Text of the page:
It’s important to emphasize that accepting failure does not mean devaluing oneself. Instead, it’s about being realistic, honest, and constructive in how we reflect on and learn from our experiences. This can help us become more resilient and effective when facing challenges and setbacks in the future.

A while ago, there was an adventurer who garnered widespread media attention by announcing her plan to summit Mount Everest without oxygen and without the help of Sherpas. However, she failed to complete the challenge and decided to climb with oxygen and with Sherpas, yet she still called her ascent successful and the media followed suit. Would we consider the Swedish national hockey team winners if, on one hand, they declared they would take gold but came home with a fourth place?

Your value doesn’t decrease just because you fail. But communicating that you’ve failed to accomplish what you set out to do is not only taking responsibility but also a part of the learning process to eventually succeed. Embellishing the image, as the woman did with her Mount Everest ascent, is manipulative, and believe me, there are no shortcuts to success in mountaineering.

Michael Jordan is known for his attitude towards failure and learning from it. One of his most famous quotes that highlights this is:


“For me to become the greatest basketball player, I’ve missed more than 9,000 shots in my career. I’ve lost almost 300 games. Twenty-six times, I’ve been trusted to take the game-winning shot and missed. I’ve failed over and over and over again in my life. And that is why I succeed.”


This quote emphasizes Jordan’s willingness to accept and learn from his failures. He points out that it’s thanks to the missed shots and lost games that he has been able to achieve success. He sees failures as part of the process of becoming better and reaching higher heights. This attitude has inspired many and has made him one of the most iconic athletes of all time.

Arnold Schwarzenegger isn’t shy about embracing the value of failure. In addition to his famous movie quote “I’ll be back,” this also goes down in history:

“It’s okay to fail. You have to fail in order to climb the ladder. There is no one that does not fail. What is not okay is when you fail, and you stay down. Whoever stays down is a loser, and winners will fail and get up. You always get up.”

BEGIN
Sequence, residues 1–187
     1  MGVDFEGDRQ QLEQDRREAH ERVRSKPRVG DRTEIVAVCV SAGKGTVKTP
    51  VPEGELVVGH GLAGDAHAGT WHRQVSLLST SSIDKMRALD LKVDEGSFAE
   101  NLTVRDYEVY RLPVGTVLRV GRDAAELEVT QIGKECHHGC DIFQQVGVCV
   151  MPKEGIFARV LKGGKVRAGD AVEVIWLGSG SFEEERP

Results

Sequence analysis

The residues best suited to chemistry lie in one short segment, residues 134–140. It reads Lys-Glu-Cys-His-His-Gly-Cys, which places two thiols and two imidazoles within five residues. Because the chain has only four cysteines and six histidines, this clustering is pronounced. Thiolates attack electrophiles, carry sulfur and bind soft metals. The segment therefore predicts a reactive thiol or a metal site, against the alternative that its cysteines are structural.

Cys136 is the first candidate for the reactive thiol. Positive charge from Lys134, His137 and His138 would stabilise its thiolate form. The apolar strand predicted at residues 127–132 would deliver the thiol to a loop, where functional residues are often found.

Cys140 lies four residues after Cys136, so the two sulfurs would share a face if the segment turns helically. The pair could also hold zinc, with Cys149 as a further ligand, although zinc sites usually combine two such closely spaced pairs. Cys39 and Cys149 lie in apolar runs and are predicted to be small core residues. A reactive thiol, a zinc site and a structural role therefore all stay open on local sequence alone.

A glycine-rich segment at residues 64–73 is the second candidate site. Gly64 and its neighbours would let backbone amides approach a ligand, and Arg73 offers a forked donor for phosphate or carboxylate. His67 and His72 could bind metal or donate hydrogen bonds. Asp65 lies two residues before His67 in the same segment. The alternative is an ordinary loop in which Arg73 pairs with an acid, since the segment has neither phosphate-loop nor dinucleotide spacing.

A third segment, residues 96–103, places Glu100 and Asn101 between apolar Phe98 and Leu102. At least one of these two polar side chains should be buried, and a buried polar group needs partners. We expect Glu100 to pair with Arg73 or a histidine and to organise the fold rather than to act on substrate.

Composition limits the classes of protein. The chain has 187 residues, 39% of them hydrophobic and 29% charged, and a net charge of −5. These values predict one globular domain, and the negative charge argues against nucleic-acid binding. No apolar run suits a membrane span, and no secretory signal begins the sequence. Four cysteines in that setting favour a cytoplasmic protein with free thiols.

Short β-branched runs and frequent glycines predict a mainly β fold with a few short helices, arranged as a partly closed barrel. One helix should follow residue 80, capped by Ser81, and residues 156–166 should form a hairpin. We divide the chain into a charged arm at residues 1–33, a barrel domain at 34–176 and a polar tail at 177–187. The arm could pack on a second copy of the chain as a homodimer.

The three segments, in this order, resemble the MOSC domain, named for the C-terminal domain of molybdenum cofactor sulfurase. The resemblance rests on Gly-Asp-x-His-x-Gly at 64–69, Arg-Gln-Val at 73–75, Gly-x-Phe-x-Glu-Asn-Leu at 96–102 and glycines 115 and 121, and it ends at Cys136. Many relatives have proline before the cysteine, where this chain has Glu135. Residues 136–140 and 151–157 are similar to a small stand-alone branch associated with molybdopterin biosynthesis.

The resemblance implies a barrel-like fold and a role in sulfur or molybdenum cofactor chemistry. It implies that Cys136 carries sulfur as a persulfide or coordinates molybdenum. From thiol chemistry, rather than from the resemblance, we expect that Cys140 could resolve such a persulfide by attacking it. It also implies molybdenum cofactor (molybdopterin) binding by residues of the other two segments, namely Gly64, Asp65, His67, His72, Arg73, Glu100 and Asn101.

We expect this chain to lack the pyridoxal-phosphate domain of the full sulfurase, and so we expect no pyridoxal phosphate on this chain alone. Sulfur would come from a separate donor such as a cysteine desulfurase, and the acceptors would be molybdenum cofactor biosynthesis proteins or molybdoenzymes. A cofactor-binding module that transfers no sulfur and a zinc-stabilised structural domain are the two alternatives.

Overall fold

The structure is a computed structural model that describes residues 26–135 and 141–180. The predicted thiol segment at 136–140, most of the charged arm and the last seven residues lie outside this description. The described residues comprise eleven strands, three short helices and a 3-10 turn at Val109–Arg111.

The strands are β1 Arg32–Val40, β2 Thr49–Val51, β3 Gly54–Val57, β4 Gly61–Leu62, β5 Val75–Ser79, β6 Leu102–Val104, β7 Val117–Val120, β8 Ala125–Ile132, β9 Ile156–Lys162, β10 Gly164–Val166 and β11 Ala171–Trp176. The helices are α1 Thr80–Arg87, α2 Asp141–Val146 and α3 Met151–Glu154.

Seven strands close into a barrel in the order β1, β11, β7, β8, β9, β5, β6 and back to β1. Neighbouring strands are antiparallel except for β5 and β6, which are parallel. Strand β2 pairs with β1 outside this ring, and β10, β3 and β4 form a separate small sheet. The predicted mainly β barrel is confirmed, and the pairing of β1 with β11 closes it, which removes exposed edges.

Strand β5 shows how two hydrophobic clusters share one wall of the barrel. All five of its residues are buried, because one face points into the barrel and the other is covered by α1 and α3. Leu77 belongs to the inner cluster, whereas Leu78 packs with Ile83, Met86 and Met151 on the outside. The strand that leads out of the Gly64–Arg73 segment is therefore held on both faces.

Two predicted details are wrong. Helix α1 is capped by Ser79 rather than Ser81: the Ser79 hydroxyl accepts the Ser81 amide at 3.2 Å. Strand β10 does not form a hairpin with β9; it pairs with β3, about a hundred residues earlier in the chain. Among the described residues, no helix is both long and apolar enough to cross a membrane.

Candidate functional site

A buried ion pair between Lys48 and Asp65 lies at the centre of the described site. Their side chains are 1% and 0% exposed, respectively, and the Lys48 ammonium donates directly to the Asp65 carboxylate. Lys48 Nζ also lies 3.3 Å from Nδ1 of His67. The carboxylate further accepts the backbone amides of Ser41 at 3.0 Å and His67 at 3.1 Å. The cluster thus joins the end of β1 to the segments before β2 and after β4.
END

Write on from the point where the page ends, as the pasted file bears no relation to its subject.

Did I fail four out of the five times I attempted to reach the summit of Broad Peak? Yes, I did, because the goal was to reach the top. I want to argue that the earlier we teach children that it’s okay to fail in life, the better equipped they will be to handle adulthood. The more entrepreneurs we will have who dare to take risks, otherwise, we risk creating a society that believes they can buy lottery tickets. As Apple says in their ad film “Intention,” “there are a thousand no’s for every yes.”

So, what is an effective trick to succeed? I have found that the better you are at defining what needs to be achieved to reach your goal, the easier it becomes to know how to train and prepare yourself. In other words, it’s wrong to say that only the summit is the goal. The summit is only halfway there. The goal is to get up and down with your life intact, without frostbite on your feet and fingers, still being friends with your friends, and hungry for new adventures after the mission is completed. With this mental image, it becomes clearer what is required to achieve your goal.

But are there other ways to define failures? There is a popular quote attributed to Thomas Edison that says: “I have not failed 1,000 times. I have successfully discovered 1,000 ways to NOT make a light bulb.” This quote highlights his perseverance and his positive view of failures as part of the process of achieving success. Edison is known for his inventiveness and his work in developing the commercial light bulb, and this quote exemplifies his attitude that failures are a natural part of the research and invention process. It emphasizes the importance of seeing failures as learning opportunities rather than obstacles on the road to success.

What is your own relationship with failures? Do you pick yourself up after every setback?

Everyone fails, and that’s okay.

About Fredrik Sträng: Fredrik, in his leadership role, has climbed seven of the Earth’s fourteen 8,000m peaks, set a Guinness World Record, and lectures on leadership, communication, decision-making, and crisis management.


Fredrik Sträng 

Alpinist – Speaker – Coach